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COLLECTIONLetters from the Universal House of Justice
TITLEThe Age Fifteen as the Age of Spiritual Maturity
AUTHOR 1 Universal House of Justice
ABSTRACTOn the meaning of maturity and why 15 is considered the age that a believer can take control of his spiritual destiny.
NOTES Mirrored from, where it is also available in PDF and Word formats.
TAGSChildren; Maturity; Membership; Parents
CONTENT The Universal House of Justice
Department of the Secretariat

16 June 1998

[To two individuals]

The Universal House of Justice has received your email message of 5 April 1998 regarding the responsibility of parents for their children’s behavior, and we have been asked to convey the following.

While some opportunities for service in the Administrative Order are clearly reserved for those who are over twenty-one years of age, at age fifteen the individual has the privilege of affirming, in his own name, his faith in Bahá’u’lláh. The importance of attaining spiritual maturity at the age of fifteen is that it marks that point in life at which the believer takes into his own hands the responsibility for his spiritual destiny.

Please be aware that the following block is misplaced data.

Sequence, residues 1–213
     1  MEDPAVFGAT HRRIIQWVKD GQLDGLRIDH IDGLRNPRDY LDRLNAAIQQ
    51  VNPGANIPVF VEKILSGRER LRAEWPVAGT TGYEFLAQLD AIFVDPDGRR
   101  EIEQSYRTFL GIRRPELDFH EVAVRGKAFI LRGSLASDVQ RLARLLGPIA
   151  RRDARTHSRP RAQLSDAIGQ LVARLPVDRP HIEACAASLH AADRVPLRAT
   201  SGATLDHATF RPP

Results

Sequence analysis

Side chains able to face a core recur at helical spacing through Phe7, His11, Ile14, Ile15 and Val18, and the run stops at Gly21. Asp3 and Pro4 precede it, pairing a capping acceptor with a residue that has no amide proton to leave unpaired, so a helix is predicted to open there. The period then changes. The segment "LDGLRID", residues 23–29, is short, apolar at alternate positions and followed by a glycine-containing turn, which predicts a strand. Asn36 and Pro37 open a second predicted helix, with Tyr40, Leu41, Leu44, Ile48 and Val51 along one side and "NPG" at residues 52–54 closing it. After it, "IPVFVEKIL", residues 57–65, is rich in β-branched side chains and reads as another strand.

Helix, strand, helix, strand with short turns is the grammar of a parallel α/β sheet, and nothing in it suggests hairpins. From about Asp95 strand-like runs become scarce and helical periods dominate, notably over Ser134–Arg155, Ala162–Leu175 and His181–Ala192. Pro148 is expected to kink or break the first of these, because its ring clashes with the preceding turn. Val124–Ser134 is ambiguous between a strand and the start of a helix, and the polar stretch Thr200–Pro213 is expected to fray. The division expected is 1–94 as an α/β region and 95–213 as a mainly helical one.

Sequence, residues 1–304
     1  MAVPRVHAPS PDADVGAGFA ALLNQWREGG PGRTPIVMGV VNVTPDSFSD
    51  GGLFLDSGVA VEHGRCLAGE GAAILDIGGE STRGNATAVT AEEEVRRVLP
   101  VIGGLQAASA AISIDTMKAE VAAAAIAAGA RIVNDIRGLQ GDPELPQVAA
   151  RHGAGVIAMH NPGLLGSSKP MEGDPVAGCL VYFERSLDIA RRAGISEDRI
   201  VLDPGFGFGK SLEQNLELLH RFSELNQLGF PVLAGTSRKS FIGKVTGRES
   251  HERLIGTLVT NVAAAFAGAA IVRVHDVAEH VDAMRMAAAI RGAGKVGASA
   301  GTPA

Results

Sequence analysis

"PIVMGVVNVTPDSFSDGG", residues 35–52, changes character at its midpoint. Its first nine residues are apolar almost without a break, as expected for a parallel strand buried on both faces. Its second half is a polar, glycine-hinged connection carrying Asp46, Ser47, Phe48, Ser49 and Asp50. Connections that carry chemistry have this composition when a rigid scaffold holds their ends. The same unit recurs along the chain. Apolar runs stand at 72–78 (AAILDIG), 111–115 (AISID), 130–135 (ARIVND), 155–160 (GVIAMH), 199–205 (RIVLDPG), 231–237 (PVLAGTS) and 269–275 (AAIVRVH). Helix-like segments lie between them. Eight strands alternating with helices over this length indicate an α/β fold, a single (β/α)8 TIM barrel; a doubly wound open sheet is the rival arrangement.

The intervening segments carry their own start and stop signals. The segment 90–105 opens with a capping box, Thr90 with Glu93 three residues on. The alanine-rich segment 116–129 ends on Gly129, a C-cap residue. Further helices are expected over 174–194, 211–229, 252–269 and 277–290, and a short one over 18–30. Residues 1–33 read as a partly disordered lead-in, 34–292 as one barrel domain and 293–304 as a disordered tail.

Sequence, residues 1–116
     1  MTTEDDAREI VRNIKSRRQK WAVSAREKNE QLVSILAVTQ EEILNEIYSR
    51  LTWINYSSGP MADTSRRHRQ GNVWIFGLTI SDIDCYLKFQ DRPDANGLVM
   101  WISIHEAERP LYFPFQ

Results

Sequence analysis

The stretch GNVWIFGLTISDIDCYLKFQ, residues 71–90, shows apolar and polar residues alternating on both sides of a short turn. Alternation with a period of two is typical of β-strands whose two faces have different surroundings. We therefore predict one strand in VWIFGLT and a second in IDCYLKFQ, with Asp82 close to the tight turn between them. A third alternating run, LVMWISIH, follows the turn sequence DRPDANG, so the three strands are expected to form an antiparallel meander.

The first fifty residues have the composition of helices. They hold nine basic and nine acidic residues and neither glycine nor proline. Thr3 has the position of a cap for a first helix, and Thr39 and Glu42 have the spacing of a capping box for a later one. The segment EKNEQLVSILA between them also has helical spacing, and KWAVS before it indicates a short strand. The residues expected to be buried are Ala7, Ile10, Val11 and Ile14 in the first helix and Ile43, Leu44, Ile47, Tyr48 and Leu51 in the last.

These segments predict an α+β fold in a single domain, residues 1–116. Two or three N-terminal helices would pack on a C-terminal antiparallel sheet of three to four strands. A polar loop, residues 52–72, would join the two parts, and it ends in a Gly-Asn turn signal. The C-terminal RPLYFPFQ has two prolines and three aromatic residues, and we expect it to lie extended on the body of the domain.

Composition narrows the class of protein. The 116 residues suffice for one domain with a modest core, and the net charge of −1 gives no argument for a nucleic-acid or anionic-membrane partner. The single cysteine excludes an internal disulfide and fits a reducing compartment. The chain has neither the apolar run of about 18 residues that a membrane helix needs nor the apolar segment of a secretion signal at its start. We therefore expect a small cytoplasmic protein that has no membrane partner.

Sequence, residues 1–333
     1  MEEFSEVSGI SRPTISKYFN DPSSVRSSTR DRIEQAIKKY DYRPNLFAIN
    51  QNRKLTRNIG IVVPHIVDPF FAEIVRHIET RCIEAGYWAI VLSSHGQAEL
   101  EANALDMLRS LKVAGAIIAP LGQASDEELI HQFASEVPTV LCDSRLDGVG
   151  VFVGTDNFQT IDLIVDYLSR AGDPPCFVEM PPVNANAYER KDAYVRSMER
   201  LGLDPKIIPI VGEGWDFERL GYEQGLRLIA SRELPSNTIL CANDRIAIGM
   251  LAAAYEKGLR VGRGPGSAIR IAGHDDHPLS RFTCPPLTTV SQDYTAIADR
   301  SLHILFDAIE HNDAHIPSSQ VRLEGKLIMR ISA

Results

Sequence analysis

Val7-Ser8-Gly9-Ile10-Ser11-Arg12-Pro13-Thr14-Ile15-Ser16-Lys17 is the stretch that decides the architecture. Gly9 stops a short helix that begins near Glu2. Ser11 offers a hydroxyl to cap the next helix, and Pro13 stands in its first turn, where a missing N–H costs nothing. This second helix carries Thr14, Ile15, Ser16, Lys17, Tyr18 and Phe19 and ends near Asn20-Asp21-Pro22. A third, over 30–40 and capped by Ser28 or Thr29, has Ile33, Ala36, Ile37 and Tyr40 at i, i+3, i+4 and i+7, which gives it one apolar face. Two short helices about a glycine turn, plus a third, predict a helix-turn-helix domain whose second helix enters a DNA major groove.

The following extract from a Tablet of ‘Abdu’l-Bahá links the attainment of maturity with the deepening of one’s understanding and comprehension of the realities of life, and the enhancement of one’s very capacity for understanding:

Know thou that before maturity man liveth from day to day and comprehendeth only such matters as are superficial and outwardly obvious. However, when he cometh of age he understandeth the realities of things and the inner truths. Indeed, in his comprehension, his feelings, his deductions and his discoveries, every day of his life after maturity is equal to a year before it.
While parents may grieve at some of the choices their children make, at the age of maturity a son or daughter is then essentially responsible for the decisions he or she takes and becomes answerable to God accordingly. Parents should continue in every way possible to help, encourage, and guide their children, but they should recognize clearly the basic change in accountability that has occurred.
    Department of the Secretariat
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